Question: “My understanding is that the right battle is the one fought not for self but for others. Is my understanding right? Please elaborate more on right battles. Is it so that most of the battles we fight day to day are wrong battles?”
Acharya Prashant: You may fight for others. But, who are these others? Do you fight for every other? You feed your own cat. You are fighting for your cat. Now is it really the same as fighting for others. You are protecting your cow. You milk her. You have a vested interest there. Would you say that your motive is charitable? Would you say that you are doing it because you are a world lover, your altruism knows no bounds? But we do that don’t we? We feed the cow because we want to milk the cow and later on we tell the cow that we have been very charitable towards her. Don’t we?
Have you not seen parents do this to their kids? “We raised you, we fed you, we taught you.” You can visualize the same being done to a cow. You would never quote “We milked you.” You would only say, “We fed you, we protected you.” What about the milking? What about the expectation of the milking? If one is really doing something genuinely for others, there are no conditions attached. There never are any fine prints. Neither are there conditions attached in the beginning nor are there conditions attached in the action. You will be prepared to do anything. And anything means anything.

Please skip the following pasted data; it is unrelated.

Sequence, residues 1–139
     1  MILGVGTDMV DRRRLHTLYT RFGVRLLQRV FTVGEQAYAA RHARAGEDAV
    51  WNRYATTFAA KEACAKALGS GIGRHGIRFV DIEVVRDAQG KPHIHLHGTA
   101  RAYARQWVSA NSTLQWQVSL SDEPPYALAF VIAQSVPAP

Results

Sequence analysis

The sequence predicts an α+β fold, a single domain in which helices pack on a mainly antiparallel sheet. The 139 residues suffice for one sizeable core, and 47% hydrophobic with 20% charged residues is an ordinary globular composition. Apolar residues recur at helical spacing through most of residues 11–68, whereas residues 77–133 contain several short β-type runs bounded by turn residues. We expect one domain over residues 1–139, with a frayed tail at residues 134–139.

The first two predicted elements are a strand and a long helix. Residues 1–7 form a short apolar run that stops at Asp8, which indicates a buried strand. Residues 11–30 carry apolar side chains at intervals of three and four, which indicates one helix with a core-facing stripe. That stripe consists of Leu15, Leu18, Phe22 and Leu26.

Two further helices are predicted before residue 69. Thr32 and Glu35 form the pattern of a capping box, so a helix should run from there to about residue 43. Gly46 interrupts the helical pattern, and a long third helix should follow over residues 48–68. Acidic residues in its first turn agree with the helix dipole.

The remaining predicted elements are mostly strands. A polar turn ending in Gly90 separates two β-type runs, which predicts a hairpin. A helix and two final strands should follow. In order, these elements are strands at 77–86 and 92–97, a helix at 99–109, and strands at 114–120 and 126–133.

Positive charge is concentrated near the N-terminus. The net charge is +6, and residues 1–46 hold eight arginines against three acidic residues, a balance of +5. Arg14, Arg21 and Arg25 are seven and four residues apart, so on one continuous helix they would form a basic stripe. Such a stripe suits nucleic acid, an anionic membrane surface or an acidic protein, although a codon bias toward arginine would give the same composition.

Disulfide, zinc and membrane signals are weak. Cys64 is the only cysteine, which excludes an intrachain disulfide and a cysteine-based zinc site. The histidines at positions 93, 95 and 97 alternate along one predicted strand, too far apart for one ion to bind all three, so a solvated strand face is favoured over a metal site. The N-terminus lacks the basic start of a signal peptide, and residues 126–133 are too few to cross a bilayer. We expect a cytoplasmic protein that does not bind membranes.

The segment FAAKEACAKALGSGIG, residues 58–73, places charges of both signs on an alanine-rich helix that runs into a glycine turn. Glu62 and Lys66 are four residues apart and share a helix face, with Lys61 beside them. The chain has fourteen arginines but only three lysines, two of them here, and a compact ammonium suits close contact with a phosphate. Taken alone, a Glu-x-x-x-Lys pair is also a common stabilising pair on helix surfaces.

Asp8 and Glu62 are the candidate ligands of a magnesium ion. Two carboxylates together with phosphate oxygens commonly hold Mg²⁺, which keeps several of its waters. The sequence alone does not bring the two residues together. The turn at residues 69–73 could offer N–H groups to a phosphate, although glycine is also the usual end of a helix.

You can love someone so much that you can lay down your own life for that person. And you can love someone so much that you can be prepared to kill that person. Anything means anything.
Kindly get over this notion that we live for others. That is the privilege granted only to a Buddha. Living for others happen only to the one who has nothing personal to live for. If you have a lot that is personal in your life, personal time, personal freedom, personal money, personal thoughts, personal relationships, personal choices, as long as you have all this personal stuff in your life, you will live only for this stuff.
You have a personal family. You fight for that family. You do a lot for that family. Does that mean you are doing anything for others? Your self-interest, your conditioning is related to the ones you are striving for.